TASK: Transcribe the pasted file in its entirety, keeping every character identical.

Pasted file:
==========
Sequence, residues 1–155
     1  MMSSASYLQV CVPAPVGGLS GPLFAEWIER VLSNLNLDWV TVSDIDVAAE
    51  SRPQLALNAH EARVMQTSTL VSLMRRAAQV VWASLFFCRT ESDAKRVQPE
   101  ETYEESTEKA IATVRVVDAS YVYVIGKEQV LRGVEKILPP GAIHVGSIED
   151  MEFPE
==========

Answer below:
Sequence, residues 1–155
     1  MMSSASYLQV CVPAPVGGLS GPLFAEWIER VLSNLNLDWV TVSDIDVAAE
    51  SRPQLALNAH EARVMQTSTL VSLMRRAAQV VWASLFFCRT ESDAKRVQPE
   101  ETYEESTEKA IATVRVVDAS YVYVIGKEQV LRGVEKILPP GAIHVGSIED
   151  MEFPE